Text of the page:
What Every Employer Should Know About Garnishments

HR Resource
May 29, 2012 — 1,799 views  
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According to The United States Department of Labor, a wage garnishment is a legal procedure that withholds a certain amount of a person's employment earnings to be paid toward a debt. The employer withholds the earnings typically by order from the court. Wage garnishments may also be ordered for a debtor who has unpaid taxes to the IRS or state tax collection agency, notes the source. Finally, a wage garnishment may also be a result of non-tax owed money to the federal government.

The Title III of the Consumer Credit Protection Act regulates how much of an employee's earnings can be withheld for garnishments and protects all people with personal earnings including salaries, wages and bonuses. People in each state, the District of Columbia and all United States territories are subject to this wage garnishment under this federal law.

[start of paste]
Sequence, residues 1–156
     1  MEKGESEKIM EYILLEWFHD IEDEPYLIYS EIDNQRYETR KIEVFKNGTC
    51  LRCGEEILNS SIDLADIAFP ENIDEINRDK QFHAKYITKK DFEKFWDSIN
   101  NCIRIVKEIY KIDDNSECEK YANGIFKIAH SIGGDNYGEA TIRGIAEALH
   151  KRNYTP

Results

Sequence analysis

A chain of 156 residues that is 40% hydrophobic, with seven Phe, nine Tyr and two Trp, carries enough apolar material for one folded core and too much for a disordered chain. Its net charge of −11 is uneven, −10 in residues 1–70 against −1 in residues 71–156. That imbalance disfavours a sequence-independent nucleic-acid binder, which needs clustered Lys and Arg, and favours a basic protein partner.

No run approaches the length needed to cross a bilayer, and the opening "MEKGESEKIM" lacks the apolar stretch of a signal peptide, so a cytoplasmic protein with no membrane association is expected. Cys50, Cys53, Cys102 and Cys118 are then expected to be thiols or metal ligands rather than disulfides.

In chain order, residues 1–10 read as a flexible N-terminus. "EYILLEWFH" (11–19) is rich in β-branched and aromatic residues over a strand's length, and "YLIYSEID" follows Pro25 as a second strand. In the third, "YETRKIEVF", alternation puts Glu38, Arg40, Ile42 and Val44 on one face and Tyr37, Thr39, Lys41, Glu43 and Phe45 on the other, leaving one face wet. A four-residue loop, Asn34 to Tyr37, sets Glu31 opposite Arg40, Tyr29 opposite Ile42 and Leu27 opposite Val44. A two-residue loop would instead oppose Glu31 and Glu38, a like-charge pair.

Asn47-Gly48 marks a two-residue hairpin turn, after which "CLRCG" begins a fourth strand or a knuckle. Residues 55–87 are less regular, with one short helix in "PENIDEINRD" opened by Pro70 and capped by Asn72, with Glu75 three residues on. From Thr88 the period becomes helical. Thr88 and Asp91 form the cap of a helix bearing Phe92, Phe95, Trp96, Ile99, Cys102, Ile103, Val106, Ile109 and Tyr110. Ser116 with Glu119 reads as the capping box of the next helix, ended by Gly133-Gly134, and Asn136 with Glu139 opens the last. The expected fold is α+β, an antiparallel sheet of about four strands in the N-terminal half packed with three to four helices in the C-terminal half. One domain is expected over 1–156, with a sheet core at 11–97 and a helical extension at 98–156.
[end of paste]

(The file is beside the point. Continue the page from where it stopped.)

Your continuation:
People who fall under wage garnishment typically have failed to meet legal obligations and must then pay back the money owned a little at a time through withholdings from each paycheck. In addition to unpaid federal and state taxes, these legal obligations might also include student loan default, unpaid medical and legal bills, child support and bankruptcy proceedings.

American Express explains that if an employer receives a notice for an employee wage garnishment, it's important that the employer does not ignore the notice as the employer can then be held liable for any amount that was ordered to be withheld. An employee should know wage garnishment was going to occur because he or she has been informed well in advance about the process by the court or IRS, states the resource. However, it may be a good idea for an employer to send a formal letter to the employee stating the company has received the notice and how much will be withheld each paycheck.

An employer should also note that it is unlawful to fire an employee due to wage garnishment if it is the result of a single debt. Employee dismissal is only permitted if an employer receives notice for the garnishment of two or more debts. Furthermore, an employer can not invoke disciplinary action on an employee or refuse to hire an employee because of wage garnishment. Employers who violate these protective regulations could be subject to fines, imprisonment or both. An employer should make sure in-house procedures for wage garnishments are up-to-date and be able to conduct the timelines of doing so.

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